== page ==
With the E Ink Triton color configuration, a thin transparent colored filter array (CFA) is added in front of the black and white display. Now the display can also reflect color. The CFA consists four sub-pixels – red, green, blue, and white – that are combined to create a full-colorpixel. The result? A low-power, direct-sunlight, readable color ePaper display that is mass manufactured in a practical way.
So the original white pixel hides behind four color subpixels that then combine to produce visible colord. I just want to know how they tell the screen which of the four subpixels to use. Here’s a little commercial from them on how it works:
Ok, but what about the touchscreen capabilities? Will I really be able to draw on the screen of a Kindle 4 with Triton technology?
Well, on the brochure, it says, “Touch-compatible E Ink technology enables pen or finger input which enhances
the user-experience.” Now I’m not entirely sure why it says “touch compatible” instead of just “touch,” but hey, who’s counting.
All this means that we’re likely to see an Amazon Kindle 4 with a color display and touch capability. But when? That’s another important question. I vote we’ll see it in 2012. A recent CNET interview the Vice President of Eink says they don’t plan to release any Triton-based e-reader in 2011. I’m still tempted to get a Kindle 3, but these new features to be released possibly next year, make me want to wait for the Kindle 4. I don’t think I’ll be disappointed if I do.
A couple days ago I learned something new which shed light on at least two Bible passages for me.
What did I learn? That keys in Ancient Egypt were made out of wood and were very large–we’re talking two feet long or so. They were so big and heavy that they often had to be carried on the shoulder. Egyptian locks had pins just like modern locks, but the pins were a lot larger and made of wood. The key hole itself would have been very large–large enough to put a hand through. (See Paul Haupt, The Book of Canticles, 37).
So, where does this shed light on the Bible? First, Song of Songs 5:4 says “My lover put his hand through the opening; my heart trembled within me, and I grew faint when he spoke” (NAB). Now, this makes no sense if the keyhole is the size of modern ones, even skeleton key size. The keyhole has to be rather big to fit a hand through it. The poetic image makes no sense if the key hole is not big enough for fingers or a hand. Now did Israelites use Egyptian locks? Maybe not, but the technology was close at hand for over a thousand years in a bordering country so they could have easily used such locks.
The second place where this Egyptian key makes a difference is Isaiah 22. Here’s how the passage reads:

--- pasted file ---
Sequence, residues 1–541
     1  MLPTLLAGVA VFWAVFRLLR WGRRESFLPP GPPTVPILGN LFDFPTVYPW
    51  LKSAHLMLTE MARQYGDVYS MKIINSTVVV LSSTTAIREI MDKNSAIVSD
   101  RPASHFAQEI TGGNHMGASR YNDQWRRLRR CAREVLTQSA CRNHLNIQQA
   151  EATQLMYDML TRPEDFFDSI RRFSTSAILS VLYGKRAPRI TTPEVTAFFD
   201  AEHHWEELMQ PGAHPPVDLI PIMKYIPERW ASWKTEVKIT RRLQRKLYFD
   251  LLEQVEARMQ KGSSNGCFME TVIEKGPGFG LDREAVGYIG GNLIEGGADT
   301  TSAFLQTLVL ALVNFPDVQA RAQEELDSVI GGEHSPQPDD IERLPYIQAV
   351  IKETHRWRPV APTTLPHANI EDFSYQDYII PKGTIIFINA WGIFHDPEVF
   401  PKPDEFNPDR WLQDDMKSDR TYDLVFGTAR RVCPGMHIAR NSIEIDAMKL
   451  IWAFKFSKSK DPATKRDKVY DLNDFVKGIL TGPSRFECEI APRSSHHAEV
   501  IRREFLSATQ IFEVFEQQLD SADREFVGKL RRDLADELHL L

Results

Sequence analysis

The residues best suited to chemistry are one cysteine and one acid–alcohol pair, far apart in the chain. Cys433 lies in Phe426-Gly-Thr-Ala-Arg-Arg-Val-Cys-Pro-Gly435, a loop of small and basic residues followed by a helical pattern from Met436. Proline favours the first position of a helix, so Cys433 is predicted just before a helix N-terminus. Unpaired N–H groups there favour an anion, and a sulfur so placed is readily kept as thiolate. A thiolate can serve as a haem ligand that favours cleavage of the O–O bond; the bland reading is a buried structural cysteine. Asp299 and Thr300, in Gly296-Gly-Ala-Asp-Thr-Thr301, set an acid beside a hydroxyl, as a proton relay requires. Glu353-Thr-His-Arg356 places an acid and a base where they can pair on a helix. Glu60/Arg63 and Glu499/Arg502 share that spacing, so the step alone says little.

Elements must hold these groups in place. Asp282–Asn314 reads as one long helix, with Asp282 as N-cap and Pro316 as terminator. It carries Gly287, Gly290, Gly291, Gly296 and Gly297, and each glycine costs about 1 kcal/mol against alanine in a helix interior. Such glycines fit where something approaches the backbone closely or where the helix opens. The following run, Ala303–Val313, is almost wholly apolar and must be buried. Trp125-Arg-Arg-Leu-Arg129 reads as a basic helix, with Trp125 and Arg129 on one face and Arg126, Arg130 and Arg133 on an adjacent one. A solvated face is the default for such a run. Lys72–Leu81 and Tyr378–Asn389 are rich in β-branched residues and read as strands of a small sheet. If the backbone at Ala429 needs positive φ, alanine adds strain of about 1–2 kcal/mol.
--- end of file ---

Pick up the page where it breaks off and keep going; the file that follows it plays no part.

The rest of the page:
20 In that day I will call my servant Eliakim the son of Hilkiah,
21 and I will clothe him with your robe, and will bind your sash on him, and will commit your authority to his hand. And he shall be a father to the inhabitants of Jerusalem and to the house of Judah.
22 And I will place on his shoulder the key of the house of David. He shall open, and none shall shut; and he shall shut, and none shall open.
Photo from Rice University
Now, many Catholic commentators have associated this description of Eliakim as at the al-bayit (over the house) with Peter in the New Testament. Eliakim is assigned to be over David’s house, not to be king himself, but to be more a prime minister. Peter’s assignment by Jesus is very similar. And if Jesus is the legitimate heir to David’s throne, as he claims to be, then this comparison of Eliakim to Peter makes all the more sense. In Matthew 16:19, Jesus tells Peter two things that reference this passage in Isaiah 22. Matthew 16:19 – “I will give you the keys of the kingdom of heaven, and whatever you bind on earth shall be bound in heaven, and whatever you loose on earth shall be loosed1 in heaven” (ESV). First, Peter will be given the “keys of the kingdom.” This sounds a lot like Eliakim getting the key to the House of David. Second, whatever Peter binds on earth will be bound in heaven and whatever he looses on earth will be loosed in heaven. This binding/loosing power sounds a lot like Eliakim’s power to open and shut, a power which cannot be overridden. That’s where the Pope comes in. Since he’s the successor of Peter, he gets the power of the keys. And it turns out these are big old keys! Makes me feel a bit more comfortable with the huge keys Peter normally carries in icons and statues.
Photo from Capernaum, Israel
Ok, so what about the Egyptian keys? Well, in Isaiah we hear that the key will be upon Eliakim’s shoulder. Why would anyone put a key on their shoulder? I mean, it would fall off, right? It’s too small, right? Turns out though, that ancient Egyptians, who had such huge wooden keys would carry them on their shoulders. Can you imagine if your house key, barn key, office key and car key were all 20 inches long?! It’s not exactly like you could slip those into your pocket on a little metal ring. You’d have to carry them on your shoulder!